by Orlando Luis Pardo Lazo
Our Havana has something of both mythical Atlantis and archaeological Pompeii.
In Memories of Underdevelopment, Tomás Gutiérrez Alea’s film based on the novel by Edmundo Desnoes, the protagonist Sergio looks out over a known but already unrecognizable Havana. Sergio is all alone, as befits all witnesses to the end of the world, because he is a classless bourgeois and his family and friends have just packed themselves off into exile. Indeed, sick of capitalism, skeptical of freedom, and eager for violence against the Republican status quo, Havana had just opened its walls to a totalitarian Trojan Horse that would end up deurbanizing it in the sacred name of a fratricidal equality.
Sergio cannot help but utter a sentence full of pain and sarcasm toward his insular environment, evoking the title “The Switzerland of America,” pompously assigned to Cuba under capitalism before the triumph of Fidel Castro on January 1, 1959. In his mind, Sergio compares the splendor of that other world with the city captured by his telescope, and he pronounces just for himself that “Havana now looks like a cardboard city.”
In the early '60s the “capital of all Cubans” was filled with trucks of war and anti-aircraft batteries. American battleships were on the sea horizon. The headlines of the only remaining press—tautologically called Revolution—published an apocalyptic, euphoric piece with hints of epic poetry, boasting of the summary “legal execution” of the “enemies of the people,” of the prisons mined to blow up in case of invasion or insubordination, and of the camps for “re-education through forced agricultural labor.”
In the midst of this apoCUBAlypse Sergio is, essentially, the perfect witness. He is the citizen who sees, the urban creature who knows how to measure the events of a precarious present, and who stays on the island to report in the first person the intimate story of his Revoluzoica Era that was “giving birth to a heart,” according to the Nueva Trova movement led by Silvio Rodríguez and Pablo Milanés.
I am a bit like that Sergio. But instead of a telescope I look through the lens of a digital Canon camera. I am not confined to my house, like him. Instead, I walk and click on any corner. I observe and let them observe me observing. Shooting and shooting, but without ever using deadly weapons, the preferred currency of every revolution.
Given that words in my country have been devalued after decades of official speech, I havefaithin the testimonyof pixels. All around me I catch a graveyard calm, which imprints on Havana a sense of cauterization. I look and I mingle with the telluric forces that are debated between my city’s fall and its resurrection, between the horizontality of its proliferating beggars and the verticality of a government that feels its own impunity like a military camp.
When, in April 2009, I started to post pictures on my blog Boring Home Utopics, I was bored to the point of desperation. It was the invention of my digital photo diary that awakened me to the twisted reality right under my nose. The snapshots revealed to me the intrinsic intensity of every moment. The miraculous map of this city with a silent H was healing my photographic sterility, my apathy as a voiceover narrator, my Havanostalgia of internal exile.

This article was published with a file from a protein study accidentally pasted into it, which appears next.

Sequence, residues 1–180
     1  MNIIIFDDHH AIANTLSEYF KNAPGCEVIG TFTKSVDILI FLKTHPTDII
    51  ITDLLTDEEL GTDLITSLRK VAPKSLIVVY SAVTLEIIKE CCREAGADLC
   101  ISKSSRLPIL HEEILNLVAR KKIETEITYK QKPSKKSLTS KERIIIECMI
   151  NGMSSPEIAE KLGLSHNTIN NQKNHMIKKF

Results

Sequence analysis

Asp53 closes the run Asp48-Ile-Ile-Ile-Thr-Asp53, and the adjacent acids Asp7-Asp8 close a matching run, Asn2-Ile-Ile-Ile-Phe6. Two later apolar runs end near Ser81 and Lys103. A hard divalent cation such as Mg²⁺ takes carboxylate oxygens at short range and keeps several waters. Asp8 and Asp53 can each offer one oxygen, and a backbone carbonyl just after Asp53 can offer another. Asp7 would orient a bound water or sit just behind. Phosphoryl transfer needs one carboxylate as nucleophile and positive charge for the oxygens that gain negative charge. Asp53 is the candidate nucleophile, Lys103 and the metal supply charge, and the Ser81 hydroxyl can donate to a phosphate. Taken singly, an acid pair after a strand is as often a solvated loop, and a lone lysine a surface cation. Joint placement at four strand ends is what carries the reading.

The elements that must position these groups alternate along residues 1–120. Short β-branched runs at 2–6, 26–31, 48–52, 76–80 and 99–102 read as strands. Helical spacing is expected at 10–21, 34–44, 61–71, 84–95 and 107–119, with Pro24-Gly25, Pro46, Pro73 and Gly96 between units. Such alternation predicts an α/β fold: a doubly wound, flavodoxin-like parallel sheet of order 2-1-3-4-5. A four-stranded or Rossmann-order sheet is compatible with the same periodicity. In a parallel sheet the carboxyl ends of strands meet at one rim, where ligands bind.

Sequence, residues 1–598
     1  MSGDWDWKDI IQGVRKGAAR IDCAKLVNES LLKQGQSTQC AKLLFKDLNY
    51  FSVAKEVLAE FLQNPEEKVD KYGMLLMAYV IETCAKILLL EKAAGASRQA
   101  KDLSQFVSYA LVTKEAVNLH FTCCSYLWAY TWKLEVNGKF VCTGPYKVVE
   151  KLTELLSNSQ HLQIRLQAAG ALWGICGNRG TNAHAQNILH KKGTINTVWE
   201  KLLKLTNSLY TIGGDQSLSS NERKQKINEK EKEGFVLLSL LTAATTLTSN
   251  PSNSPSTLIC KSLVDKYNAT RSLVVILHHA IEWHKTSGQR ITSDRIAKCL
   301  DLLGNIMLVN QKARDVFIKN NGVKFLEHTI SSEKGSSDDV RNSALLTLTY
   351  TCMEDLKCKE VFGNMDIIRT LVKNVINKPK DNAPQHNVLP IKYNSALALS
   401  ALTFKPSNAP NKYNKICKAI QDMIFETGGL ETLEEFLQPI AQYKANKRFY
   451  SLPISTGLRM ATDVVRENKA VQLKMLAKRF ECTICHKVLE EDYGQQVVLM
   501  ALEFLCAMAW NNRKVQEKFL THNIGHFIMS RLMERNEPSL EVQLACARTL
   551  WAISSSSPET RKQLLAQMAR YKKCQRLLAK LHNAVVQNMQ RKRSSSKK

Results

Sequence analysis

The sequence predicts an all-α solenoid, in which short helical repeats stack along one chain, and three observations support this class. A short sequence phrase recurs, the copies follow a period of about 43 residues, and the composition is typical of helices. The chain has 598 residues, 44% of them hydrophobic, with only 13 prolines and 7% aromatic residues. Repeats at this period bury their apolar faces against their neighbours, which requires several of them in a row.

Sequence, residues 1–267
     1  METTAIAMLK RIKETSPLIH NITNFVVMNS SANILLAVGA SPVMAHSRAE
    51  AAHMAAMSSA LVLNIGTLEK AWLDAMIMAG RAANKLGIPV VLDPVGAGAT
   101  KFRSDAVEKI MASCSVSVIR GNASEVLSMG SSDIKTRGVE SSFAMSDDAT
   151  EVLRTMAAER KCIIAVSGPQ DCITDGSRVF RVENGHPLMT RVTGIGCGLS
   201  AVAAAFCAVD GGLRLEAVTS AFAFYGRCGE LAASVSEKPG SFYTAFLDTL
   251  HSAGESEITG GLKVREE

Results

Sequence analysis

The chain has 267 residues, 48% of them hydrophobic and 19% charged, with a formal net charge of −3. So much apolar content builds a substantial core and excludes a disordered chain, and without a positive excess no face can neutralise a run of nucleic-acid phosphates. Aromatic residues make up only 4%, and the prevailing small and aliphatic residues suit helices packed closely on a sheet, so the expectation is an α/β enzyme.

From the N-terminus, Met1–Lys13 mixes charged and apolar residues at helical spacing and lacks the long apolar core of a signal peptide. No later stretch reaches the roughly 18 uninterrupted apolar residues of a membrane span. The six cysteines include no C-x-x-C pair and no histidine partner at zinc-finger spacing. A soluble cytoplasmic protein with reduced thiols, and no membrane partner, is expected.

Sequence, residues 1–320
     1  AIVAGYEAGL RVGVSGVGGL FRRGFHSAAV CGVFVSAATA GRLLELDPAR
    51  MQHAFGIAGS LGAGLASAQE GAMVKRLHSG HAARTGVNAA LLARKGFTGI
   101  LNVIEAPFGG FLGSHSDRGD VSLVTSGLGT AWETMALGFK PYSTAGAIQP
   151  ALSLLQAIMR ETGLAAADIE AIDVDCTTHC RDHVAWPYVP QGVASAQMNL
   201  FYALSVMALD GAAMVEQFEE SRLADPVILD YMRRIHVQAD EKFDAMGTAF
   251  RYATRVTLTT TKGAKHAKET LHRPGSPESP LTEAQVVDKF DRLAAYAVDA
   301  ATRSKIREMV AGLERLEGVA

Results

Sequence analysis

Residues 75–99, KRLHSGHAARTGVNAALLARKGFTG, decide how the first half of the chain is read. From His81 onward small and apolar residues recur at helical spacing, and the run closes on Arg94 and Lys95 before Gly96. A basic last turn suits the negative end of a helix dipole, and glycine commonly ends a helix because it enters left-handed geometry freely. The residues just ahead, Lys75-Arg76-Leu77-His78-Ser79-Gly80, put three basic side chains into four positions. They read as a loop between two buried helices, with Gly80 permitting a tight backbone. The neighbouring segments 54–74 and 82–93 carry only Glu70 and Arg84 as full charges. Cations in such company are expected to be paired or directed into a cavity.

Forcing me from my paralysis were Cuban readers from every corner of the world—a displaced, super patriotic, and yet post-national audience. It felt as if the migration process inaugurated by Sergio’s family members had ended up emptying the entire island. The joke that the last person to leave will turn off the El Morro lighthouse is cruel in its accuracy; our population is decreasing, according to State statistics. I’ve dreamed of this Havana in flight like a ghost ship, foundering, detached from its island shelf: the nightmarish apotheosis described by Reinaldo Arenas in his almost posthumous novel, The Color of Summer.
From Miami, Mexico or Madrid they leave me comments on every post or send me requests by email: Please, take a photo of this or that Havana corner of my childhood; let me know what happened to the glamorous church where my poor parents baptized me; let me see if the bench is still there in that forgotten park where I kissed my first love; send me an image today of twenty, thirty, fifty and so many years ago…
In a country with no individual—only institutional—access to the internet, my photo-blog (half blocked, half clandestine) functions as a time machine, where Havana is more a raw yearning than a city: a memory that comes this time as feedback from the First World, from a universal viewpoint where Cubans point the telescope at our homeland as if it were a distant asteroid, filling it in with our emotional imagination and finally erasing all ideological taboos and generational differences.
Our virtual Havana, with its scars recalling the ruins of a civil war, has something of each mythical Atlantis and archaeological Pompeii. It is a city where even the language is frozen, its facades' ashen color seeming to denounce this anachronism. Always so vain, Havana looks like a provocative but provincial girl, humiliated beneath layers of excruciating austerity.
The essayist Antonio José Ponte speaks of its buildings' “slumification,” unlucky civil dislocations (absolute chaos is citizens' reaction to absolute control), and a “miraculous static,” the only theory that can explain why these skeletal buildings still stand. They lean against one another, in solidarity against the debacle, so as not to collapse in unison and swallow Havana in a plume of dust like a volcano or, worse, like a Hiroshima mushroom cloud in the Tropic of Cancer.
In the German documentary The New Art of Making Ruins, Ponte presents a kind of farewell for all the inhabitants of Havana. For him, as a novelist and a poet, the iconography of a bombed city has a deliberate effect, the ultimate work of art of Fidel Castro and his Revolution. Otherwise, the official discourse based on the permanent danger of an armed invasion would be meaningless. It is as if Havana needed debris as proof of a heroic battle to show tourists, to spin its self-destruction not as a military campaign but as commercial propaganda.